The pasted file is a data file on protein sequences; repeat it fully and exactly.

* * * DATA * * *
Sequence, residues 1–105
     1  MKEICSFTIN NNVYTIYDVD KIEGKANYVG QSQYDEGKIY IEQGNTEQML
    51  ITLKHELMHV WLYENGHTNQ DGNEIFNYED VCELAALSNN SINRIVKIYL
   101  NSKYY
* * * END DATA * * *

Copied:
Sequence, residues 1–105
     1  MKEICSFTIN NNVYTIYDVD KIEGKANYVG QSQYDEGKIY IEQGNTEQML
    51  ITLKHELMHV WLYENGHTNQ DGNEIFNYED VCELAALSNN SINRIVKIYL
   101  NSKYY